Criminal law is all about foreseeing procedural outcomes: at charging, pretrial, trial, sentencing, and appeal, attorneys need to look to how their work will affect later steps in the process. As a panel attorney, I'm able to bring this reality home to my students, who tend to see only the problem in front of them.

With my mail fraud case, I've seen connections between mail fraud indictments, criminal conspiracies, and the war on terror (specifically Obama's policy of targeted killing) that will make the basis for a very theoretical article on the nature of many alleged crimes in the age of the Internet/terrorism/globalization. I won't bore you with the details...

In short, as professors we spend a lot of time learning how to be better teachers and scholars. Not all of this time, obviously, is spent actually teaching or researching/writing. How can it be that engaging in practical legal work is less productive to improving teaching and scholarship than reading the latest Harvard Law Review? There's great value in the latter, but it seems to me that there's no less, just different, value in the former.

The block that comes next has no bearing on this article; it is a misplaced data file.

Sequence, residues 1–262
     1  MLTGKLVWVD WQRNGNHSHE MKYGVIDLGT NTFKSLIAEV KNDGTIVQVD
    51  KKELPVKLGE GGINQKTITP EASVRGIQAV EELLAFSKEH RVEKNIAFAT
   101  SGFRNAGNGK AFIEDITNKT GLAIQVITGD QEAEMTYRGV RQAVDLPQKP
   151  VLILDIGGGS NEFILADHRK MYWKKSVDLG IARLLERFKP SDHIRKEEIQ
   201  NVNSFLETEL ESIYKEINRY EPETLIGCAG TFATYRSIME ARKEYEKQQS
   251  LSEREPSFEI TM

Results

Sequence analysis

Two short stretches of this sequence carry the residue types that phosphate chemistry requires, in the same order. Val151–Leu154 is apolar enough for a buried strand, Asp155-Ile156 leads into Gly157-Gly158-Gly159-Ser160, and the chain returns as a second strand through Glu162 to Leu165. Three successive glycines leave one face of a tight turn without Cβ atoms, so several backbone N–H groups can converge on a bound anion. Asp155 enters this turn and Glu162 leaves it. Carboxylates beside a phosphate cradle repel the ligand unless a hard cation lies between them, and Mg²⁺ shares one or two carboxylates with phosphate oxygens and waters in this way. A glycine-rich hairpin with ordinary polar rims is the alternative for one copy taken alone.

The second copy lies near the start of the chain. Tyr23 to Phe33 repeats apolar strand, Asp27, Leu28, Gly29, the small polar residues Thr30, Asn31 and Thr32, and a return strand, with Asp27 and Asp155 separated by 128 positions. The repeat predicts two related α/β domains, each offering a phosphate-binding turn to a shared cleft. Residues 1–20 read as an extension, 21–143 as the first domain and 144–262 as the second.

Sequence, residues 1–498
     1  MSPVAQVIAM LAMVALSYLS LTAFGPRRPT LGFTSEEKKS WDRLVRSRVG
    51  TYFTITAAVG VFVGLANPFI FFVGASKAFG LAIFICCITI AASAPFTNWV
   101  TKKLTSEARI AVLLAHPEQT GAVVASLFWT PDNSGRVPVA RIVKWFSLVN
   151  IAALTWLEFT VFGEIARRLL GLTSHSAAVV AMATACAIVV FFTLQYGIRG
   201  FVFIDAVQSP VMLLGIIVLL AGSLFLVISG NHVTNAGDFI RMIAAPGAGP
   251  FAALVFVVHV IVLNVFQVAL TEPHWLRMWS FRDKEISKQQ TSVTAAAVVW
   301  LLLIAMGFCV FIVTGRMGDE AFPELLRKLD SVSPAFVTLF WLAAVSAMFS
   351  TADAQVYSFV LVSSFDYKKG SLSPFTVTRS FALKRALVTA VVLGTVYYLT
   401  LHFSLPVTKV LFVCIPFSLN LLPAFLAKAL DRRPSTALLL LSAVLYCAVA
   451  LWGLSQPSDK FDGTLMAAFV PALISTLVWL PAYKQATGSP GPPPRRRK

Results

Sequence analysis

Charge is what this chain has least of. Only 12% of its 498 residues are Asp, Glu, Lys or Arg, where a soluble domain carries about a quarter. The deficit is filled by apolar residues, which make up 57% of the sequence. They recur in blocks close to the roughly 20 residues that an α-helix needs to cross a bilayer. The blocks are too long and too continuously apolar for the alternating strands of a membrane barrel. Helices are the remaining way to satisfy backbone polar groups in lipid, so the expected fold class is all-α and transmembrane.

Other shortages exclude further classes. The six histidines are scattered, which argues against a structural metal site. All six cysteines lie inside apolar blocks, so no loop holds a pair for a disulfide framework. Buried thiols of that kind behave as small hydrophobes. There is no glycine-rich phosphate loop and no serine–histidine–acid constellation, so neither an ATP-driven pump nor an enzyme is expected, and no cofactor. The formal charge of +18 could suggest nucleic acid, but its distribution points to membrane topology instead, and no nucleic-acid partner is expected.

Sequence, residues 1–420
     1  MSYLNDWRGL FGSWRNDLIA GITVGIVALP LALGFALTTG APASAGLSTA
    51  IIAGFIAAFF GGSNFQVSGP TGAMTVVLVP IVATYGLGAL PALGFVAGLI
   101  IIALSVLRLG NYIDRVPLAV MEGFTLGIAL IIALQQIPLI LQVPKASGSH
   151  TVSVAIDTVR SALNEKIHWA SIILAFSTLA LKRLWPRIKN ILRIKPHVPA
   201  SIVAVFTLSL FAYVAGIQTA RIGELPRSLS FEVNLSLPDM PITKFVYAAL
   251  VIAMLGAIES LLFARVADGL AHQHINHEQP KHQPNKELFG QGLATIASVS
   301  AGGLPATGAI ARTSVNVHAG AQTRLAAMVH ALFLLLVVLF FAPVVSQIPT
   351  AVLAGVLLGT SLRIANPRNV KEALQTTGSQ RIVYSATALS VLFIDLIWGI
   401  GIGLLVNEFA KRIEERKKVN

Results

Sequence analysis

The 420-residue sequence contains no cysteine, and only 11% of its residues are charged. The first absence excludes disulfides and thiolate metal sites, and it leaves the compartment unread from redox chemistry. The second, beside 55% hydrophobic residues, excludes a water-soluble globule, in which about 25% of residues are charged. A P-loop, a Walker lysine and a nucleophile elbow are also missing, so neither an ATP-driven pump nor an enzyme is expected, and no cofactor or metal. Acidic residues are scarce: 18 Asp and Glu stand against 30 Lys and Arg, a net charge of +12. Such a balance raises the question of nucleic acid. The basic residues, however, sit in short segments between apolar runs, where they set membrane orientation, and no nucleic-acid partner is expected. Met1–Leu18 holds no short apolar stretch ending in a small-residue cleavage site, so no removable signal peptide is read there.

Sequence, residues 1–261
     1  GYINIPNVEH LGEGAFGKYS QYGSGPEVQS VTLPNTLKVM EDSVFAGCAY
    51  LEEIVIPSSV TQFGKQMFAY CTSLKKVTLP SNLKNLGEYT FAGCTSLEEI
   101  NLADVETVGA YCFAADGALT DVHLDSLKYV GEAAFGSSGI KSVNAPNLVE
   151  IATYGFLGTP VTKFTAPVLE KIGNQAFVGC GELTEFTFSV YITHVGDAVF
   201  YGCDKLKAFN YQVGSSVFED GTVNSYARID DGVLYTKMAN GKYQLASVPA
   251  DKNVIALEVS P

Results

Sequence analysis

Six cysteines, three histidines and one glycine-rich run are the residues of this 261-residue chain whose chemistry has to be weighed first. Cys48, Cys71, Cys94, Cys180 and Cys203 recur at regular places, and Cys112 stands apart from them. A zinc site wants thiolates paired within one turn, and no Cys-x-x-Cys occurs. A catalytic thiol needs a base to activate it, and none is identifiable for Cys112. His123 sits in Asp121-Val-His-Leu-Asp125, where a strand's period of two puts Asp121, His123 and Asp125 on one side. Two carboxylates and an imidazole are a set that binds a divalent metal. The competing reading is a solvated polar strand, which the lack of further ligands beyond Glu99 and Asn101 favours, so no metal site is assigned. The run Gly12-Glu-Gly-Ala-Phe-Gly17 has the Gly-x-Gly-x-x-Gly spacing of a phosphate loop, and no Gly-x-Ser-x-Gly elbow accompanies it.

Posted by: Steven R. Morrison | Jul 2, 2012 11:04:33 PM

They're doing it in Wisconsin:


And I, for one, think it would be a mitzvah¹ to both your community and your students. Legal education needs more thinkers like you, Pritikin!

¹And with that remark, I out myself as neither Wisconsinite nor O'Toole.

Posted by: Peter O'2L | Jul 2, 2012 10:29:14 PM

Note to Orin: I was unsuccessful in hyper-linking "Although you are often dead on" to http://www.youtube.com/watch?v=oHg5SJYRHA0; the intended hyperlink did not show. Cripes.

Posted by: Brendan Maher | Jul 2, 2012 9:15:08 PM


Although you're often dead on, you might be taking an unnecessarily reductive view here. Law schools perhaps should hire doctrinal folks with more practical experience, because it's useful in both teaching and understanding the law (a subject that is by definition both theory and practice) and because it's a helpful safeguard against all sorts of weird fishbowl perspectives that professors develop when they spend all of their time prepping for or being in the academy.